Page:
Business magazines and websites are full of terms like branding, brand identity, logo design, identity design, corporate identity, and brand strategy. Sometimes different terms are used to describe the same thing. Sometimes the same term is used to describe different things.
As an identity designer, I want to be clear with my clients about what I do (and also what no designer can do for you!)
Your brand is what people think of when they think about you. It’s your reputation. Your values, your products, your marketing, your customer service. Magazine articles about you, how your stores smell inside, and what your neighbor’s mom said about you at her bridge party. And yes, it’s your logo and website and business cards. Everything people encounter when they interact with your company adds to their perception of you: your brand.
Branding is the effort to influence this perception. You can’t literally control what your neighbor’s mom might think, of course. But you can do your best to get on her radar and make a great impression.
A subset of a brand is the brand identity (also called corporate identity or identity system). The key word is identity. Just like with people, checking an ID proves you’re you and not somebody else. The tangible elements you can see when a company communicates with you comprise its identity design:
Logo, colors, fonts, icons, letterhead, business cards, envelopes, websites, packaging, uniforms, office aesthetics, promotional swag, social media, email blasts, signage, messaging.
A brand style guide documents a brand’s evolving identity.
Of all the visual parts that make up your identity, your logo is the strongest point of recognition. It doesn’t have to tell the world everything you do. It’s a quick tag or identifier. A red bullseye doesn’t reveal all the clothing, housewares, and food you can buy at Target. But it works as a stand-in for everything you know about Target. And if you knew nothing about Target, you could still make some guesses about the personality of the company by looking at the logo.
Logos by Jessica Jones
Identity designers set the direction for the visual elements that make up your brand—your logo, color palette, typography, stationery, website, and future collateral. These should be unique to your company and help illustrate your brand. An identity designer isn’t going to make the conveyor belt in your plant run faster or tell you which employees to hire. But we can influence the public’s perception of you by creating an appropriate look and feel.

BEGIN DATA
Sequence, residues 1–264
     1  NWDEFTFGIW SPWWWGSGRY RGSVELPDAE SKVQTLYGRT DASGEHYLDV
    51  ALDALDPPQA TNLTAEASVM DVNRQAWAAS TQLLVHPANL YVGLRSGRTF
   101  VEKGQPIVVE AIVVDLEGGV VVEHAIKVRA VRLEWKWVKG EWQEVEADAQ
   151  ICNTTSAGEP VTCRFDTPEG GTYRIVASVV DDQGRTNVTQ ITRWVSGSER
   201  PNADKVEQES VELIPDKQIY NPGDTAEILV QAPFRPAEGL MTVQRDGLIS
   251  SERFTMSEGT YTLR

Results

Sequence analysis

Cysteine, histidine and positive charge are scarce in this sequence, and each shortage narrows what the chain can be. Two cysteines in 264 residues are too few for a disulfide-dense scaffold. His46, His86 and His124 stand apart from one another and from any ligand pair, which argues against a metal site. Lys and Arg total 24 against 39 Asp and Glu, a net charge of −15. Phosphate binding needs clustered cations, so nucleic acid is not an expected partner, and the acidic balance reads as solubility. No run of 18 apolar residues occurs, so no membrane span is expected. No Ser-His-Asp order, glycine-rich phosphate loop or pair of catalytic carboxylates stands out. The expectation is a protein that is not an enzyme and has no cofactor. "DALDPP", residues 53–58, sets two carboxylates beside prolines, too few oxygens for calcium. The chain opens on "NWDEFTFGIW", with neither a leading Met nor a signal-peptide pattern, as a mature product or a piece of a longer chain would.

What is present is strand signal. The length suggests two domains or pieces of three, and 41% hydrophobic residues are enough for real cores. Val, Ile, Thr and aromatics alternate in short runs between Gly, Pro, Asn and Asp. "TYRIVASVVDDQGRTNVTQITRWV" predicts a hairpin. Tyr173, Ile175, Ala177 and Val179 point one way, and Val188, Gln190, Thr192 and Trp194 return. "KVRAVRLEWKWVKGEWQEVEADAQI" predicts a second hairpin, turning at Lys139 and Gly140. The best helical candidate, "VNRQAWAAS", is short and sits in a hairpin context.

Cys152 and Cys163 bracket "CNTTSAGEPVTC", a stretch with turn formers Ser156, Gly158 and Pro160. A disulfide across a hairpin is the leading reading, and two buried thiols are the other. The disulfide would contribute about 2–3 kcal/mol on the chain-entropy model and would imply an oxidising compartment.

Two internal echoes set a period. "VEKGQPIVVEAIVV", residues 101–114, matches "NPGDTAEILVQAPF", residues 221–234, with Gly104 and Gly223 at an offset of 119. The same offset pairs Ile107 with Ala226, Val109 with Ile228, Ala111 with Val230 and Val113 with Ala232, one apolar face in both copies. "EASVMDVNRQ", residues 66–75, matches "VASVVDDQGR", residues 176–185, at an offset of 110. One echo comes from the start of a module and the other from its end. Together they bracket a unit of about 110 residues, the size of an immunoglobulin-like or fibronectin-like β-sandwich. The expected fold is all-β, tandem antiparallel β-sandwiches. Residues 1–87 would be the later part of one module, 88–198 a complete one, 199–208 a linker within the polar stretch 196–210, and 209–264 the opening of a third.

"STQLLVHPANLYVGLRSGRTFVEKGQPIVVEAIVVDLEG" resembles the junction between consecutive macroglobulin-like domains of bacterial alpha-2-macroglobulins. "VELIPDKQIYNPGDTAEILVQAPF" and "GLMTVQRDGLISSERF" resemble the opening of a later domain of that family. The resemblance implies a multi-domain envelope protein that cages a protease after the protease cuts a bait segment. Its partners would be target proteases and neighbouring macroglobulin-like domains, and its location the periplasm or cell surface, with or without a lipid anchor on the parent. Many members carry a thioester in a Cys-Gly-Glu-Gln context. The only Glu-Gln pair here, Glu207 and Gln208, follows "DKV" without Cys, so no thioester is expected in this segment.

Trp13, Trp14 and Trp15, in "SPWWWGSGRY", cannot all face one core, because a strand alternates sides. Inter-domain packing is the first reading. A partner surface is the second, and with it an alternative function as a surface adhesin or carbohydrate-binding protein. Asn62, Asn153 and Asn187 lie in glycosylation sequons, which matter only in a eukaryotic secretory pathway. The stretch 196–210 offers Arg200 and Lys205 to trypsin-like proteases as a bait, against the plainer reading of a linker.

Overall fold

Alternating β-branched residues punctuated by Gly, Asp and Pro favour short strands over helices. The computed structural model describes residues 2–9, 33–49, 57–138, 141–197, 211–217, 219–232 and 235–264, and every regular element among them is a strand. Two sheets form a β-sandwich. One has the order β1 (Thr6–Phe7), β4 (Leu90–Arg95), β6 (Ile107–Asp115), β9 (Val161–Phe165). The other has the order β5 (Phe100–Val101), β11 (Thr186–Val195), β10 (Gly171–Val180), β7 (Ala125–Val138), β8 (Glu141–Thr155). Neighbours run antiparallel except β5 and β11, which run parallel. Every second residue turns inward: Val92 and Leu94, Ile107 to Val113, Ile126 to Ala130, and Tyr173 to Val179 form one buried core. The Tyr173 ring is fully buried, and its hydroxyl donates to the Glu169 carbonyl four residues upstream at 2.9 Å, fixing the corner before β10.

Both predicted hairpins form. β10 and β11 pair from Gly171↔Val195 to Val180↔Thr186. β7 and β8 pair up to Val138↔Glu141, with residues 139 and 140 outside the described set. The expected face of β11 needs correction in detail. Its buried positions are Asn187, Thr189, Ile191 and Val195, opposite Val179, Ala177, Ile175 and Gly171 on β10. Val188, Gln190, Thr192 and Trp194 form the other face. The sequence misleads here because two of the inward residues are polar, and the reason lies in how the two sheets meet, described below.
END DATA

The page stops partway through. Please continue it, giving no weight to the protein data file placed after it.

Maybe you’re a small business starting from scratch. Or maybe you’ve been growing for a little while, and you’re wondering whether you should update your existing brand identity. Is it worth investing in better design?
For businesses that get all their customers from neighborhood referrals—and they’re satisfied with that—it’s probably not worth it. Think of plumbers, mechanics, or dentists. As long as their service is excellent, nobody minds if their visuals are less than stellar. But if you’re in an industry where aesthetics can increase your visibility or revenue (think food and beverage, hospitality, fashion, arts, financial services, health and wellness, etc.), you can benefit from hiring an identity designer. Great design can help you:
Along with small businesses, startups have similar factors to consider when creating a brand identity.
The culture of your organization. What’s your heartbeat? Why are you doing this? What are your beliefs, values, and ways of thinking and working? It should influence your identity design if it’s going to feel authentic.
Connectedness to your target audience. What do they need, love, and respond to? Your brand identity isn’t just to make you happy, it’s for them. Show that you relate to them by creating design that resonates.
When your startup’s language and visuals speak to both parties, you’ve done it right.